The apparent → deflection of a body in motion with respect to the Earth, as seen by an → observer on the Earth, caused by the → Earth's rotation. Thus, a projectile fired due north from any point on the northern hemisphere will land slightly east of its target (deflection to the right). This involves two factors: 1) the eastward velocity of Earth's surface decreases from the → equator to the → poles, and 2) when an object starts to move north or south without being firmly connected to the ground it maintains its initial eastward speed (conservation of → angular momentum). Hence, an object travelling away from the equator will be heading east faster than the ground and will seem to be forced east. On the other hand, a ball fired in the northern hemisphere toward the equator deflects to the west. As for the southern hemisphere, a ball fired southward will deflect East. The projectile is not subject to this effect only on the equator, when it is thrown in an east-west direction. The Coriolis effect is therefore greater at higher → latitudes and smaller near the equator. This effect is of paramount importance to the large-scale → atmospheric circulation, the development of storms, and the sea-breeze circulation. In low pressure systems, i.e. zones where air ascends, the air is less dense than its surroundings and this creates a center of low atmospheric pressure. Winds blow from areas of high pressure to areas of low pressure, and so the surface winds would tend to blow toward a low pressure center. But, because of the Coriolis effect, they are deflected. In the northern hemisphere they are deflected toward the right, and fail to arrive at the low pressure center, but instead circulate around it → counterclockwise. In the southern hemisphere the circulation around a low pressure center would be → clockwise. Regarding high pressure systems in the northern hemisphere, a general clockwise rotation is created around the center. Same as the → Coriolis force. See also → geostrophic wind, → geostrophic flow.

Named after Gaspard Gustave Coriolis (1792-1843), French engineer and mathematician who first described this effect; → effect.

diamond ring effect
  اسکر ِ انگشتر ِ الماس   
oskar-e angoštar-e almâs

Fr.: effet anneau de diamant   

An intense flash of light that happens a few seconds before and after totality during a solar eclipse. The effect is caused by the last rays of sunlight before totality (or the first rays of sunlight after totality) shining through valleys on the edge of the Moon.

diamond; → ring; → effect.

Oskar, → effect; angoštar "a ring worn on the finger," from angošt "finger," Mid.Pers. angušt "finger, toe," Av. angušta- "toe," from ank- "curved, crooked," cf. Skt. angustha- "thumb," ankah "hook, bent," Gk. angkon "elbow," angkura "anchor," L. angulum "corner" (E. angle), Lith. anka "loop," O.E. ancleo "ankle," O.H.G. ango "hook," PIE base *ang-/*ank- "to bend"; → diamond.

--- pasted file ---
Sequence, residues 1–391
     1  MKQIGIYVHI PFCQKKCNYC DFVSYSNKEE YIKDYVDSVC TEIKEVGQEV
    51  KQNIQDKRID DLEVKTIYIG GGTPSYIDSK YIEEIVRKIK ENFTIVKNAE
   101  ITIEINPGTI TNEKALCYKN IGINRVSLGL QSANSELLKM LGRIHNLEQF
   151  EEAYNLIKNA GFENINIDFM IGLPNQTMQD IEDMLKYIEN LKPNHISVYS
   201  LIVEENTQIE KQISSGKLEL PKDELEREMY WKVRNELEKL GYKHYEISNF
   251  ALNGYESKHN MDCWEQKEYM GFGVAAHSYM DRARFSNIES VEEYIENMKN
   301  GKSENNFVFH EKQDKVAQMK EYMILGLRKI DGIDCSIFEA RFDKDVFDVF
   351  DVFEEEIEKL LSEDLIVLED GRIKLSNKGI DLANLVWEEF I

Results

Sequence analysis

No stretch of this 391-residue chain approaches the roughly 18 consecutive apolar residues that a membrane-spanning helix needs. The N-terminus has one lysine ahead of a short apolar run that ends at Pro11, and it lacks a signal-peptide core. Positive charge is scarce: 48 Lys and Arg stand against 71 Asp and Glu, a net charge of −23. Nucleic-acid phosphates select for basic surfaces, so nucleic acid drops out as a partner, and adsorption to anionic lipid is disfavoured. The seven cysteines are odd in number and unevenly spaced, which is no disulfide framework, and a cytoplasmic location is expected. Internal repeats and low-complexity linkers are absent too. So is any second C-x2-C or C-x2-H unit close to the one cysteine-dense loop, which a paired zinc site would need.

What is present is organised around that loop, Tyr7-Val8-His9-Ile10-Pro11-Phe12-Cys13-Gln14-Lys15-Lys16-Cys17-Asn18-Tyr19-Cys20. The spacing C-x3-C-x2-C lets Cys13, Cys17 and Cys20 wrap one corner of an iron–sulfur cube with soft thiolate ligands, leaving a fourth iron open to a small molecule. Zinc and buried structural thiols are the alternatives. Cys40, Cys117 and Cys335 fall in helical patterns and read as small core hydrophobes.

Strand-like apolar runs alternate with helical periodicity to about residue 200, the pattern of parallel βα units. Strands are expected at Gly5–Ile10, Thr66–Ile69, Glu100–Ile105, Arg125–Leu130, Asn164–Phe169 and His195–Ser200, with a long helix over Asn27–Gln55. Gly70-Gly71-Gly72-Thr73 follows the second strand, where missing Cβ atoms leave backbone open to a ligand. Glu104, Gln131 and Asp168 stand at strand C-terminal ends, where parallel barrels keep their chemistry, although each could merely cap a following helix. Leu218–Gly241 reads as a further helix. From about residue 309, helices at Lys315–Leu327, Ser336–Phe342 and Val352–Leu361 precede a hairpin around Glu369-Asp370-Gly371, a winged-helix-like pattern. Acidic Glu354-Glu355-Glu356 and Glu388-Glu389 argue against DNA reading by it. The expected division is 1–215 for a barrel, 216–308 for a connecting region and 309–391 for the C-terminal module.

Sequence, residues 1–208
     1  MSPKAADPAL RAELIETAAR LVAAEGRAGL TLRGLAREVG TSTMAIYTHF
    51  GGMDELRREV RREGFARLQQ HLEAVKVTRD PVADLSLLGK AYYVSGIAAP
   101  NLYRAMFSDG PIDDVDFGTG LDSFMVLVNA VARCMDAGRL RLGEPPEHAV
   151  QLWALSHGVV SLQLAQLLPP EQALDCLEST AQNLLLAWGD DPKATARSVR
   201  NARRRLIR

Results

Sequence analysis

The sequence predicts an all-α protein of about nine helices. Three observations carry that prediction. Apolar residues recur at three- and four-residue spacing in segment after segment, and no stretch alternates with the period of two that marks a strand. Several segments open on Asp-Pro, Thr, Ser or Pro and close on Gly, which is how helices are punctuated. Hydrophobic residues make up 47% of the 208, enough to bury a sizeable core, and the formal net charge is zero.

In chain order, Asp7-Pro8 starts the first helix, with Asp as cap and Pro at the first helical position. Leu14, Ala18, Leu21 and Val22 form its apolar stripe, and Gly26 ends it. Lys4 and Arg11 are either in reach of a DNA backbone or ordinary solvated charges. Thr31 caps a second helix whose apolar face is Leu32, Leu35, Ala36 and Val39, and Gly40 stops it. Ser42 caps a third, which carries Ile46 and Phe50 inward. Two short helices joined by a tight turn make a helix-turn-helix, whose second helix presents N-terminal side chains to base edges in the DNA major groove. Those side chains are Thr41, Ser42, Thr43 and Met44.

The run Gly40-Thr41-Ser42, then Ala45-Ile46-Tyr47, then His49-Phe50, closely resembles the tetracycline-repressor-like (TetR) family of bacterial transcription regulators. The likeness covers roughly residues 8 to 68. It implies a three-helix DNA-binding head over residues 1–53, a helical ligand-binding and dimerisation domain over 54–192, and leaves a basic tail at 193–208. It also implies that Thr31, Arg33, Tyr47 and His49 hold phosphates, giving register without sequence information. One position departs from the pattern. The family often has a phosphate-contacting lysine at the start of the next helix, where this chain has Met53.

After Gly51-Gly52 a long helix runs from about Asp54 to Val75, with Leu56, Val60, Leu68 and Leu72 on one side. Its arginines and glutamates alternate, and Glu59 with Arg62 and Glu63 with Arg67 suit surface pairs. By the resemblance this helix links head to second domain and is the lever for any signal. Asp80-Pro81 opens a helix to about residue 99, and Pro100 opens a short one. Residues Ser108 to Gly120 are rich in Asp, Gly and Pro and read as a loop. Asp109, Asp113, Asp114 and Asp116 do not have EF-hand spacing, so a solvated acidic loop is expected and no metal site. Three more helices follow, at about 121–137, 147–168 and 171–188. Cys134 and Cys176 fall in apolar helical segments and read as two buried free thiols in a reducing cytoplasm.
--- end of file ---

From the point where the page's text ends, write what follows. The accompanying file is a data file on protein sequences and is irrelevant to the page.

Doppler effect
  اسکر ِ دوپلر   
oskar-e Doppler

Fr.: effet Doppler   

Change in frequency of a wave (light, sound) due to the relative motion of source and receiver. Approaching objects have their wavelengths shortened. Receding objects have emitted wavelengths lengthened.

Doppler, after Christian Andreas Doppler (1803-1853), Austrian physicist who first described how the observed frequency of sound and light waves is affected by the relative motion of the source and the detector; → effect.

dynamo effect
  اسکر ِ دینامو   
oskar-e dinâmo

Fr.: effet dynamo   

The generation of magnetic fields by movements within a → plasma, such as the → convective cores and → convective envelopes of stars. The magnetic field is intensified by the motion of the plasma in much the same way as in a dynamo. The generated magnetic field is not static, but evolves over time.

dynamo; → effect.

effect
  ا ُسکر   
oskar

Fr.: effet   

1) Something brought about by a → cause or agent; a result.
2) A scientific law, hypothesis, or phenomenon, such as the → Compton effect, → Coriolis effect, → Doppler effect, → diamond ring effect, → photoelectric effect, and so on.

From O.Fr. effect, from L. effectus "accomplishment, performance," from stem of efficere "to work out, accomplish," from → ex- "out" + facere "to do, to make," from PIE base *dhe- "to put, to do;" cf. Mod.Pers. dâdan "to give," Mid.Pers. dâdan "to give," O.Pers./Av. dā- "to give, grant, yield," dadāiti "he gives;" Skt. dadáti "he gives," Gk. didomi "I give," tithenai "to put, set, place;" L. dare "to give, offer;" Rus. delat "to do;" O.H.G. tuon, Ger. tun, O.E. don "to do."

Oskar, from os-, → ex-, + kar-, kardan "to do, make;" Mid.Pers. kardan; O.Pers./Av. kar- "to do, make, build," Av. kərənaoiti "he makes;" cf. Skt. kr- "to do, to make," krnoti "he makes, he does," karoti "he makes, he does," karma "act, deed;" PIE base kwer- "to do, to make."

effective
  ا ُسکرمند   
oskarmand

Fr.: effectif   

Actually in operation or in force; concrete; real.

M.E., from L. effectivus "practical," from effect(us), p.p. of efficere, → effect + -ivus "-ive."

Oskarmand, from oskar, → effect + -mand possession suffix.

effective aperture
  دهانه‌ی ِ ا ُسکرمند   
dahâne-ye oskarmand

Fr.: ouverture effective   

Of an antenna, the ratio of the extracted power by the antenna to the power per unit area (power density) in the incident wave.

effective; → aperture.

effective Eddington parameter
  پارامون ِ ادینگتون ِ اسکرمند   
pârâmun-e Eddington-e oskarmand

Fr.: paramètre d'Eddington effectif   

The effective value of the → Eddington parameter in a non-homogeneous system (porous opacity).

effective; → Eddington limit; → parameter.

effective focal length
  درازا‌ی ِ کانونی ِ ا ُسکرمند   
derâzâ-ye kânuni-ye oskarmand

Fr.: longueur focale effective   

The focal length of an imaging system, which consists of several lenses or mirrors.

effective; → focal length.

effective gravity
  گرانی ِ اُسکرمند   
gerâni-ye oskarmand

Fr.: gravité effective   

In a → rotating star, the sum of the → gravity and the → centrifugal acceleration. The effective gravity is a function of the rotation velocity (Ω) and the → colatitude (θ). At the pole (θ = 0°) and the equator (θ = 90°) the effective gravity is radial. See also → total gravity.

effective; → gravity.